Knots of fortune

Updated: 2011-11-04 08:47

By Chen Yingqun (China Daily European Edition)

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Knots of fortune

The knot is another Chinese icon associated with prosperity and comes in all shapes and sizes. Zhang Zhenxiang / For China Daily

Chinese embroidery is a traditional symbol of good luck and reunion

When China's first space lab module Tiangong-1 shot into space on Sept 29 it was carrying a very special cargo that thrilled millions of Chinese folk art fans. "It presented the folk art of the Chinese knot to the world and this was a great encouragement for us enthusiasts," says Li Ding, a 69-year-old folk artist in Beijing, who started learning Chinese knot-making skills when she was 6.

Li's pride and joy are shared by thousands of knot lovers in China, who have voluntarily set up online forums to exchange learning experience and creative designs with each other.

The long history of Chinese knots dates back to a time before characters when people kept records by tying knots.

The knot was then developed into a decorative handicraft art during the Tang (AD 618-907) and Song (960-1279) dynasties, and flourished in the Ming (1368-1644) and Qing (1644-1911) dynasties, says Li, who is also a noted designer.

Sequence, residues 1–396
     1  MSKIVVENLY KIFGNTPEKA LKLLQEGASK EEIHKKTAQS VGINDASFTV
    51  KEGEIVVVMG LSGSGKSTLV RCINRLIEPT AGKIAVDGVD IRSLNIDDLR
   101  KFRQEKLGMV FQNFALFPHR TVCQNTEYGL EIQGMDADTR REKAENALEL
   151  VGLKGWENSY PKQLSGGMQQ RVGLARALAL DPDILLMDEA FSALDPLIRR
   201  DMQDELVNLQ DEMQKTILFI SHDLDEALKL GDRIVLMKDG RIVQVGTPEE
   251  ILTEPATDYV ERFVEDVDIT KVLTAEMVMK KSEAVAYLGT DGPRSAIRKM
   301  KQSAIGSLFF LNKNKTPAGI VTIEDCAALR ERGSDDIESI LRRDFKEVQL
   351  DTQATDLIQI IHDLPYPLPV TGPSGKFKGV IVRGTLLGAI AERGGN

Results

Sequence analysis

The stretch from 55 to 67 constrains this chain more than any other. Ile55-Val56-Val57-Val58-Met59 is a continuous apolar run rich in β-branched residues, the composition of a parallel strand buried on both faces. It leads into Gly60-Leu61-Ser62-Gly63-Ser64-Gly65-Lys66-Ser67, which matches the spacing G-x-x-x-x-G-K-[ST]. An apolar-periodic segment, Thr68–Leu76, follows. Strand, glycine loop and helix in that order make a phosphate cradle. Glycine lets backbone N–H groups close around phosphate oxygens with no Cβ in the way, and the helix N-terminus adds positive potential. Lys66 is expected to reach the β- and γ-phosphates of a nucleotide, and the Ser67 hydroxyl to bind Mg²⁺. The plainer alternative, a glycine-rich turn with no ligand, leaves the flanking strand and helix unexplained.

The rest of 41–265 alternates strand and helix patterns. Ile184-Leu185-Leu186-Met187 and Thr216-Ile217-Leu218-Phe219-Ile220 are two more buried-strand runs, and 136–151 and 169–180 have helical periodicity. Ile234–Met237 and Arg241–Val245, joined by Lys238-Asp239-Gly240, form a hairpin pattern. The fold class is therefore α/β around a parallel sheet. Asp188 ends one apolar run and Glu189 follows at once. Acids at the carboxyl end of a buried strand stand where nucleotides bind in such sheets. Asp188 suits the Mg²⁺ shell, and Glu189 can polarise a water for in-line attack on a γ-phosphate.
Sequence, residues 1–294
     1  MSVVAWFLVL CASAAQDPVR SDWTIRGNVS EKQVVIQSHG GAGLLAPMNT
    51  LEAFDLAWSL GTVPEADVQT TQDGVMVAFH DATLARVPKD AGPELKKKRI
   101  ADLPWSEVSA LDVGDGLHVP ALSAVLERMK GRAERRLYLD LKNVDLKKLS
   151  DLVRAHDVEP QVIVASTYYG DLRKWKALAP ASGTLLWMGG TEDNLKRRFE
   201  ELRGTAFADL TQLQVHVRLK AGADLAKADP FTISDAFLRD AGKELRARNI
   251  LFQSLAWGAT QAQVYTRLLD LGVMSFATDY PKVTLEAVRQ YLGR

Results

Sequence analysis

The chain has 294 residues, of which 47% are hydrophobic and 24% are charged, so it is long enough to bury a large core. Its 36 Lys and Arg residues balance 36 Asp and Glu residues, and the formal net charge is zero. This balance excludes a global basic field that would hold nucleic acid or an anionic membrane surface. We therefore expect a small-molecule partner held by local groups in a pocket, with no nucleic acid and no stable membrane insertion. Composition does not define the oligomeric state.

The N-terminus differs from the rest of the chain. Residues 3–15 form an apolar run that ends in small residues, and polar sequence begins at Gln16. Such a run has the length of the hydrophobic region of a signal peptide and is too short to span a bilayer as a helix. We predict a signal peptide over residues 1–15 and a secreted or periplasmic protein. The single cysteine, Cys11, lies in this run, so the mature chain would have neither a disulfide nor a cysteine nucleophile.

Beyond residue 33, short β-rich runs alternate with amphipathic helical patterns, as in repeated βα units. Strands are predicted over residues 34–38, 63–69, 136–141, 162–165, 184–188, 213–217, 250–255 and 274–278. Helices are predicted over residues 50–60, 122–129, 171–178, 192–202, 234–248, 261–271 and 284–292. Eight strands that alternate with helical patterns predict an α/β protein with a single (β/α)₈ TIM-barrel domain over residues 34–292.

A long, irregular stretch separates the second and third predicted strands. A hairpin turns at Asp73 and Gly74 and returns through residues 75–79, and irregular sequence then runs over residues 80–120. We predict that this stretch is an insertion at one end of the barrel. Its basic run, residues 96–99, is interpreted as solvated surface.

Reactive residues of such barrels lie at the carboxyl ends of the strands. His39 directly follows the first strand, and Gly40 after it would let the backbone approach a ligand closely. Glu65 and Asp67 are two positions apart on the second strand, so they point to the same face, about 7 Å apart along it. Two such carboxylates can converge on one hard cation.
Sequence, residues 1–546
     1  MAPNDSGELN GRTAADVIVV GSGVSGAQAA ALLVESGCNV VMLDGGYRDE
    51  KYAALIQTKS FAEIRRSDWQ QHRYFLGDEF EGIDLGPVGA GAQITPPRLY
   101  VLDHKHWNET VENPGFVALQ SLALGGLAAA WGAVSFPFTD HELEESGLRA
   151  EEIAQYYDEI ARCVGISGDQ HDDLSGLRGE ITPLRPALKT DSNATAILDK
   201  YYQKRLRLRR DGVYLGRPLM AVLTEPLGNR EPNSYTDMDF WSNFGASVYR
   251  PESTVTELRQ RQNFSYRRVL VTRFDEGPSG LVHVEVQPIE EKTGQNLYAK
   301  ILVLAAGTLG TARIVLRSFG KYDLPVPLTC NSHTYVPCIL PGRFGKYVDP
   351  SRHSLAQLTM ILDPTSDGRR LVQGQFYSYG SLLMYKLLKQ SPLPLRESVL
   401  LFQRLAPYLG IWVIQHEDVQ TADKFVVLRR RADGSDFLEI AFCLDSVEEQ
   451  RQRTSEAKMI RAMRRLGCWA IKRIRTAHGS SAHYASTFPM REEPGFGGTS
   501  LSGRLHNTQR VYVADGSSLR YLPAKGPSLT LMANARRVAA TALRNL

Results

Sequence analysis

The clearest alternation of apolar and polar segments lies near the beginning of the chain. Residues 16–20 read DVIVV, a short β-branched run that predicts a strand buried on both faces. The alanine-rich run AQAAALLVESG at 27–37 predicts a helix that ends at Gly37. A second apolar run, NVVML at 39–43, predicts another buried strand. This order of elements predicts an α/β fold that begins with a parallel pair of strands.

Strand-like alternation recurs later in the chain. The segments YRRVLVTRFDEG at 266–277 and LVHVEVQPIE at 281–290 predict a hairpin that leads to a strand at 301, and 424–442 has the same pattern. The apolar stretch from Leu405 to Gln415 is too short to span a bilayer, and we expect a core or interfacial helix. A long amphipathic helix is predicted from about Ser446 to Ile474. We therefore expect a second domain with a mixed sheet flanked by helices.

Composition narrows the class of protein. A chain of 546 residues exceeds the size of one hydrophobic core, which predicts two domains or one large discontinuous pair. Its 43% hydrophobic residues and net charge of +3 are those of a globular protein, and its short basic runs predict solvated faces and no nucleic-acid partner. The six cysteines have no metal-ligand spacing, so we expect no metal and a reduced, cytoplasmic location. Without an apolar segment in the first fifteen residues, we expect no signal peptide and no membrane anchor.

Li is now applying to put Chinese knots on the World Intangible Cultural Heritage list, and expects this process to be completed soon.

The process requires approval from a local government, a city, a country and finally UNESCO.

Li has won over her local government in Beijing, and believes that the uniqueness of this craft will earn it international recognition.

"One major characteristic of Chinese knots is that all the knots are tied using one thread. However, when finished, the knot looks identical from both the front and back," Li says.

"The knots are so iconic and such a Chinese tradition. They deserve to be recognized as a cultural treasure."

Typically, knots are made in a square shape (see above) and are hung on doors or inside cars on the rearvision mirror.